The Tarmac Landfill Communities Fund has donated £8,000 to improve access for wheelchair users and people with pushchairs at the National Stone Centre in the Derbyshire Dales.
More than 500m of pathways are to be resurfaced and new signs installed on the kilometre-long Geo-Trail, near Wirksworth, which will enable visitors to walk through rock formations that were formed millions of years ago submerged under tropical seas.
Peter Jones, National Stone Centre trustee and geology specialist, said: “Our Geo-Trail is visited by schools, colleges, universities and general interest groups, as well as by families. Many come to see the spectacular Millennium Wall which showcases different drystone walling styles from throughout the British Isles.
“The greatly improved accessibility will allow us to welcome many more visitors to the site.”
Sam Jackson, Tarmac’s powders plant manager at the nearby Ballidon Quarry, said: “Given a lot of Tarmac’s business starts with stone, it is very apt that we have been able to support the National Stone Centre through the Tarmac Landfill Communities Fund.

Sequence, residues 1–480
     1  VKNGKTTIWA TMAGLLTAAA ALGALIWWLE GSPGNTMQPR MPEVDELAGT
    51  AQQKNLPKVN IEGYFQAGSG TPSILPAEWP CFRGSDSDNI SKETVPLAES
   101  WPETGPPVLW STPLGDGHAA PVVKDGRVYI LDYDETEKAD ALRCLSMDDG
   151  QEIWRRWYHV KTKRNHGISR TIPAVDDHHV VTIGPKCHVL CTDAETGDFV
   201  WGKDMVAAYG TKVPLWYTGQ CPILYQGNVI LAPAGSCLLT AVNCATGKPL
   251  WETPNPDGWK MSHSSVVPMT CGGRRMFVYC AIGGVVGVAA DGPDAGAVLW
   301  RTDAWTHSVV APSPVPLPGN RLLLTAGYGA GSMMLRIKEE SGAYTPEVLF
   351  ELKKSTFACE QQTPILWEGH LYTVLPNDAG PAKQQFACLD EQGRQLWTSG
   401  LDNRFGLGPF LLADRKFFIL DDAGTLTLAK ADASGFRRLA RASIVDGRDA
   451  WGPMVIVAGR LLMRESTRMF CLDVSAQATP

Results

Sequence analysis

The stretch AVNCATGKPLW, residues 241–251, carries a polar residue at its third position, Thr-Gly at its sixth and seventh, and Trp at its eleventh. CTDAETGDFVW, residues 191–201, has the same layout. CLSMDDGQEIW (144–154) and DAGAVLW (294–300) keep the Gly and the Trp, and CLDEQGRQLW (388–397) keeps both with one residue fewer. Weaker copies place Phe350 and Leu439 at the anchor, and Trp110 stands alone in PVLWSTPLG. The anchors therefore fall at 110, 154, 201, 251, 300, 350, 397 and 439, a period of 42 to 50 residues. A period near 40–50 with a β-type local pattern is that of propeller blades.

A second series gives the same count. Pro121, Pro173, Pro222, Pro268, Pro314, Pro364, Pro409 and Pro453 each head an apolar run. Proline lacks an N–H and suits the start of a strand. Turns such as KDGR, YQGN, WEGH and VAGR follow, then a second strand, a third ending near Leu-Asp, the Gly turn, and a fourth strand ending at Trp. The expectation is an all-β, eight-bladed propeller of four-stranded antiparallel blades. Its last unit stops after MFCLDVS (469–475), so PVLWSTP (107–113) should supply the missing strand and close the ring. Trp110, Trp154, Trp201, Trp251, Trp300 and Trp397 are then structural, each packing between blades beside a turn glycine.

“The Geo-Trail is a fascinating trip through the history of geology in the area with the story presented in a very accessible way through leaflets and boards. We are really pleased that this grant will enable even more people to be able to enjoy the trail.”
The Trail is self-guided and encompasses extraordinary geology which is internationally recognised as a Site of Special Scientific Interest (SSSI). Visitors can wander through the millennia, imagining warm topical seas, reefs, lagoons and a wide variety of marine creatures including corals, brachiopods and crinoids which ultimately formed the limestones seen today.
Picture shows Tarmac’s Sam Jackson (left) with Peter Jones, of the National Stone Centre